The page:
A five star day

Grant Union at Yanci Ranch
SLEWS Program | Sacramento Valley |February 13, 2020

Participating School
Grant Union High School

Partners/Landowners
Yolo County Resource Conservation District
Rominger Brothers Farms

Mentors
Kathy Rightmire, Director of Development, Center for Land-Based Learning
Dani Gelardi, UCD Graduate Student
Carolyn Kolstad, Biologist, U.S. Fish and Wildlife Service
MJ Farruggia, UCD Graduate Student

Summary of the Day
“How did today go?”
“FIVE STARS!”
After each Field Day, I ask this question of our mentors and project partners in order to get feedback and look for ways to improve the SLEWS Program. Never have I been met with such an enthusiastic response! Read on to see what happened on this beautiful, five star day.

We started with a game of PVC golf before heading down to the restoration site to finish our part of the project. On their Field Day two weeks prior, Pioneer High did not have time to finish planting all of the native plants on their irrigation line. Our priority was getting these plants in the ground, so Grant Union students took this on, planting 65 native plants. Another priority was installing emitters along the line so that each plant would receive a consistent water source (especially as it’s been a very dry month!). Once emitters were in, we turned the irrigation system on to make sure it was working properly. Usually when we do this check, we find multiple “geysers” along the line – spots were emitters were not installed properly and pop off due to the water pressure, spraying water everywhere. Shockingly, we found no geysers! Grant Union did a perfect job! We also were able to plant 24 plug plants, but since the ground was too hard to use a dibble, this was done with trowels.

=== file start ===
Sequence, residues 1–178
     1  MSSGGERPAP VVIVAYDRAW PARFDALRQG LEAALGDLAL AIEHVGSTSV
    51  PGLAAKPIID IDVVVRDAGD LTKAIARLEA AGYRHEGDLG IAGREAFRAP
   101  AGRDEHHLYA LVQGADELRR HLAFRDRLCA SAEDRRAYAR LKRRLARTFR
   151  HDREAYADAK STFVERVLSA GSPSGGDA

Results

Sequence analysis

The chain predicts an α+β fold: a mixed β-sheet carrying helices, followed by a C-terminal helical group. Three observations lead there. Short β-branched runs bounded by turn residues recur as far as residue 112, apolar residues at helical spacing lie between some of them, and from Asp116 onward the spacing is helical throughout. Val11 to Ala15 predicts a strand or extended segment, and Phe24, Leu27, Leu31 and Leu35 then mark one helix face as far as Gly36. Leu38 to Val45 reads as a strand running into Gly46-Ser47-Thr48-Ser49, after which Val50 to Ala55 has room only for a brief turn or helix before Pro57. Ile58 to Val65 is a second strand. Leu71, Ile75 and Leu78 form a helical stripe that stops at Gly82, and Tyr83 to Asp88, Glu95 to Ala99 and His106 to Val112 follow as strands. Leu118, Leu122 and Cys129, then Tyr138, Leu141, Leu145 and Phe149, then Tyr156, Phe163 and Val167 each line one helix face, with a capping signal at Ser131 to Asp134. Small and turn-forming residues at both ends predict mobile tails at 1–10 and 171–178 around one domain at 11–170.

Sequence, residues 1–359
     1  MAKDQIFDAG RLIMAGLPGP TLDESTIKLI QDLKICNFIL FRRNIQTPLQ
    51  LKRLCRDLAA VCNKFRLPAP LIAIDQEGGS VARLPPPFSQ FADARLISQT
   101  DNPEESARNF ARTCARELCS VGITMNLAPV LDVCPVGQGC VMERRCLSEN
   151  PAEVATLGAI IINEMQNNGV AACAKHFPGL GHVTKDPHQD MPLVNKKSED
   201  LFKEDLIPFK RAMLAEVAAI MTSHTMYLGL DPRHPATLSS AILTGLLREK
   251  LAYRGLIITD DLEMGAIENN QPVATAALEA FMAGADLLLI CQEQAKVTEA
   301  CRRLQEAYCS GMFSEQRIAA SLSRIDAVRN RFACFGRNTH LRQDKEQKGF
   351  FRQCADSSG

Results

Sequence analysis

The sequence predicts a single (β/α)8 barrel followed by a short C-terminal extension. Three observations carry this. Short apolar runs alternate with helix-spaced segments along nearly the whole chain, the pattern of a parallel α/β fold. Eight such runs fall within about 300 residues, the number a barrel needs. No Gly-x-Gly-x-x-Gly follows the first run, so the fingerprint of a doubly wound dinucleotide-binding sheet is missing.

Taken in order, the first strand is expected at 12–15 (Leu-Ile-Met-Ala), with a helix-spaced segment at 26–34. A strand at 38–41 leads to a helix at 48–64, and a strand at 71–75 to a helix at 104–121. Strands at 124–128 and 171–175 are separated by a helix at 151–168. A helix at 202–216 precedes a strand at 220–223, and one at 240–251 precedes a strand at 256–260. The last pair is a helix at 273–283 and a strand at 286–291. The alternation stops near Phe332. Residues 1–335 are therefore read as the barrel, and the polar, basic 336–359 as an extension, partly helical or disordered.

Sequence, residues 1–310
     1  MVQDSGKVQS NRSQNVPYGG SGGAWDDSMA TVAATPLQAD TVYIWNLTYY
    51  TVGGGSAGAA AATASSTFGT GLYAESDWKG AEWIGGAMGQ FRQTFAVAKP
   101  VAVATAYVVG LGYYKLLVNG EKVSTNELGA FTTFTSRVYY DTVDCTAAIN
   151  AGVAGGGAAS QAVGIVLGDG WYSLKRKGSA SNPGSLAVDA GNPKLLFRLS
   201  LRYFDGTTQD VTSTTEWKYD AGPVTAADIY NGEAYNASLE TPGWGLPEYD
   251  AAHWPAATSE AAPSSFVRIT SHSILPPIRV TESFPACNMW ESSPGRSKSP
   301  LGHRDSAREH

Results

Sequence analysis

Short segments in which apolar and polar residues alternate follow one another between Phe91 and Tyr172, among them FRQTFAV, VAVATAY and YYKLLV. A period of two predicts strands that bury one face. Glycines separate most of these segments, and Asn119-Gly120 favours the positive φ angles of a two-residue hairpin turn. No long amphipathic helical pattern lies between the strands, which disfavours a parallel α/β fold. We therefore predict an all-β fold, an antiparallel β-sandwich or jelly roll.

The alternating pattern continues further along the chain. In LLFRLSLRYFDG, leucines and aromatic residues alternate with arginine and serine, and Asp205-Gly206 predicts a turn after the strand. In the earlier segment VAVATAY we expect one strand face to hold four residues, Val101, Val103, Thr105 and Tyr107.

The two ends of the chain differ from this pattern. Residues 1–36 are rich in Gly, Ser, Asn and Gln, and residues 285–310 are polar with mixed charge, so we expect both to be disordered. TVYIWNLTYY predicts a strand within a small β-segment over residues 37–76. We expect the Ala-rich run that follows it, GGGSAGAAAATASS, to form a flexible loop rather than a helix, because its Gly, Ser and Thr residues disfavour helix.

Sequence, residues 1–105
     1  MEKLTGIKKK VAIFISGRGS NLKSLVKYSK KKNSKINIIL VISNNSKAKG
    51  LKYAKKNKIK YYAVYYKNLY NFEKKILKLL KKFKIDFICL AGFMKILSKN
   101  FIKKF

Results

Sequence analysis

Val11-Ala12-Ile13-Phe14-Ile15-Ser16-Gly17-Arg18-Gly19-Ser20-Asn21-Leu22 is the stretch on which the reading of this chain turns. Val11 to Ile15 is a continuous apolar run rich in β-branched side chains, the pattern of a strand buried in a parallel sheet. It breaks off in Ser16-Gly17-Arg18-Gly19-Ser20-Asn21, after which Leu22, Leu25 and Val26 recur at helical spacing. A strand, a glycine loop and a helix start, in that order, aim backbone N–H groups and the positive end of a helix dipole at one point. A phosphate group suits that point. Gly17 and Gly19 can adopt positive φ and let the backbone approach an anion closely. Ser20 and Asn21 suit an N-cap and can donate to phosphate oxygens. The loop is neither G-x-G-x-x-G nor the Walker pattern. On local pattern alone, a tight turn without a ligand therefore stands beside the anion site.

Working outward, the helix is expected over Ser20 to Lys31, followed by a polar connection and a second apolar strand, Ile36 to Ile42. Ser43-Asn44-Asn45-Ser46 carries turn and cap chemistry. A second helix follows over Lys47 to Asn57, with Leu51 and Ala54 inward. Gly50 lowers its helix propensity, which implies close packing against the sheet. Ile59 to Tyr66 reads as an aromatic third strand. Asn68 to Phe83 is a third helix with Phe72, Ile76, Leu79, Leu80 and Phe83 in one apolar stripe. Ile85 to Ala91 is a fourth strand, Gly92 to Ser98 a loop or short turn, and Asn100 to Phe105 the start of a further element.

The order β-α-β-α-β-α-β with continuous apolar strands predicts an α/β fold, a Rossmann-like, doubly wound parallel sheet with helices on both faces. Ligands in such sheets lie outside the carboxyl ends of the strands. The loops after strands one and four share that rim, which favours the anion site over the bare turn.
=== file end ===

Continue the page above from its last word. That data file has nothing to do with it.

On our very first field day, we noticed a tall hill that looked accessible, so after lunch and a last-field-day celebration of SLEWS-themed cupcakes, we began the trek. The walk was not far but it was steep, and we all had to catch our breath at the top – especially those that chose to literally run and race up the hill!

I figured there would be a decent view from the top, but was absolutely blown away by the stunning panorama that awaited us. The excitement atop the hill was palpable – after taking some time to soak in the view, we passed out supplies for students to design and write a thank you card to someone who made their SLEWS experience possible. Many students wrote to their mentors, and others wrote a general thank you to all who helped plan their field trip.

We had our closing circle at the top of the hill where we shared our favorite memories from all three field days we had shared. Popular answers included hiking to the top of the hill, being out in nature, installing emitters, planting trees, seeing wildlife, teambuilding games, and enjoying the beautiful weather. Michael Felipe of Yolo County Resource Conservation District had come upon many tiny bones at the top of the hill, which we realized came from raptor casts or owl pellets – he shared his finds at closing circle.